Moving House, Literally: How To Physically Relocate A House
Moving a house from one place to another can be an inexpensive (and adventurous!) way to build cheaply. Here are some thoughts on house-moving to get started.
When I was about 20 years old, I watched a two-story house get moved a few blocks. It went right past my apartment to an empty lot across the way. I lived smack downtown in a small city. The road was a 2-lane, one-way street with all the power lines and streetlights associated with that setting.
I was fascinated as I watched this mammoth thing crawl down the road. Workers constantly checked for width clearances while the electric company removed and replaced wires above. I watched it turn the corner to get to its final setting. It took all day, even though the move was a short distance.
After the move
The house sat on jacks in the lot for a while. The only site prep was clearing it. They poured the foundation, connected it to city sewer and water, and added electricity over the course of the next several months.
The house was remodeled into four apartments. A couple years later, I visited a friend who had rented one. I never would have known that house had traveled down the road! It was solid, level, and all new inside. Parking, landscaping, and porches had been added. My friend barely believed me when I told her the history of that house.
The property owner had bought the house for $1, and then paid to have it moved. It had been slated for demolition in the name of ‘progress’. Whoever owned the house saved the costs of demolition and removal, and the new owner saved the costs of building a new apartment building. Everybody won!
Here is an excellent video of a house move.
This is a time lapse video of moving three houses.
I might move a house!
Fast-forward 40 years, and I have the opportunity to move a house. A friend bought a piece of property that has an old cabin from a boys camp on it. Right now it’s fixed up as an airbnb rental, but he needs to move it off the property soon.
Some friends of mine moved one of these camp cabins over the mountains to their property back when they were widely available. I asked for the details, and now I think I’m prepared to take this on when the time comes.
Moving the cabin
Once the cabin was paid for, my friends made arrangements to move it. They called a professional moving company that jacked it up, put I-beams under it, and set them on a system of hydraulic dollies that hitched to a truck.
The movers took care of everything necessary to get it from point A to point B. They chose the best route, acquired road permits from each town the cabin would move through, and made arrangements with the electric companies to move power lines. They held all the necessary insurance, taking on complete liability.
Larger houses in more populated areas might need home inspectors at each end for removal and placement, and contractors to disconnect and reconnect the infrastructure. If there is a mortgage, the bank will have to approve everything beforehand.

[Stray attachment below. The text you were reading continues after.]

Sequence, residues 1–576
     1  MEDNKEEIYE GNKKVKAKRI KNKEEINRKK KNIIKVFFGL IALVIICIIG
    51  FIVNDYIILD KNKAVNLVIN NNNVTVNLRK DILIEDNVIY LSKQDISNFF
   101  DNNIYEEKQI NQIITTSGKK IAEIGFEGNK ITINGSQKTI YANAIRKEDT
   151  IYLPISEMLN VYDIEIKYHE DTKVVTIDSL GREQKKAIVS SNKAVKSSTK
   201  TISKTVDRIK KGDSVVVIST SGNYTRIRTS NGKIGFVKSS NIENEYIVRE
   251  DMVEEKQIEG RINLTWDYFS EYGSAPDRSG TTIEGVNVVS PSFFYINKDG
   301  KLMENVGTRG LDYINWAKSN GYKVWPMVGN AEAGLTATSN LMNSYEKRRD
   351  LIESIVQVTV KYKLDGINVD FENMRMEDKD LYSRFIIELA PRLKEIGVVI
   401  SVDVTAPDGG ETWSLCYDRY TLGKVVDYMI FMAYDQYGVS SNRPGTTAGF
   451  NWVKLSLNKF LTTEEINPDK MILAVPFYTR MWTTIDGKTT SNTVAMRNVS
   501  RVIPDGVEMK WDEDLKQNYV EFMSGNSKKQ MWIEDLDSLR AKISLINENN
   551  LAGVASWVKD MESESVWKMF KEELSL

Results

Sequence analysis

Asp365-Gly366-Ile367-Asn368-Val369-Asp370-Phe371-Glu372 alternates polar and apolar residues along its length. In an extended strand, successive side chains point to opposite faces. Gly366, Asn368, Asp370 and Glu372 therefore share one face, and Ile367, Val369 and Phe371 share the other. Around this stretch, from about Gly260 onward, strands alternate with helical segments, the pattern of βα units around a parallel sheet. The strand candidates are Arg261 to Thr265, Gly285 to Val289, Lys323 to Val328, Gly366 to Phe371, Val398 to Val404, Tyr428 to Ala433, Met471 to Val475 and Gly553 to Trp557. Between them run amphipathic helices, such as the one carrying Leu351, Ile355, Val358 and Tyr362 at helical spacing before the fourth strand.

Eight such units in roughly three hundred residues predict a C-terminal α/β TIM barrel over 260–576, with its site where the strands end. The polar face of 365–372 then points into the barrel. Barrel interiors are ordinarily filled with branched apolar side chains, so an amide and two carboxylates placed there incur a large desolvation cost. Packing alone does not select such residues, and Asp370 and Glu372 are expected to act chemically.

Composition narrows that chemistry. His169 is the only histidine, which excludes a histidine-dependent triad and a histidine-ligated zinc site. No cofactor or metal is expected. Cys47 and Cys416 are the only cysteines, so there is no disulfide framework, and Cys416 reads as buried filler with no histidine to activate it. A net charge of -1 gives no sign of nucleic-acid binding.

At the site
My friend is a builder, so while the movers got ready, he poured footers and built three stem walls of the outside dimensions, 16’x30’. He left the short side closest to the driveway open, so the mover could back the cabin into the crawl space and over the foundation.
Four workers guided the cabin onto the three walls, and it was lowered into place. My friend later built the fourth stem wall to close it in. He then brought in the water and septic lines beneath the footers, since then he knew exactly where they needed to go.
Power lines were buried and brought to the house. A propane tank was put in place, and a line brought in through the back.
It all sounded so easy when they were telling me this story! I now have a clear picture of what needs to be done.
Since it was a summer cabin, it needed to be insulated and finished off inside. There are two rooms, a small kitchen, and a full bathroom. It was the infirmary at the old camp, so interior walls already divided the space for patients and a nursing station. Now it’s a getaway cabin up the hill from their house.
They added a porch with an overhang, and planted flowerbeds along the walk way from the driveway to the porch.
There was extra concrete from the footings, so they used it to pour a slab on the back side in case they wanted to add on.
Fifteen years ago, these cabins were easy to find. The total cost for purchase, moving it, building the foundation, and bringing in the utilities was less than $10,000. Of course that would cost more now, and they saved contractor’s fees by doing the work themselves. But still, even if it was $40,000 today, it would still be a huge savings over building new.
So this is now on my list of potential ways to build for cheap.
For whatever reason, if you are contemplating moving a house, check with the International Association of Structural Movers for a local mover. Also look at the Yellow Pages. I found quite a few that were not listed at IASM.
Enjoy your new digs!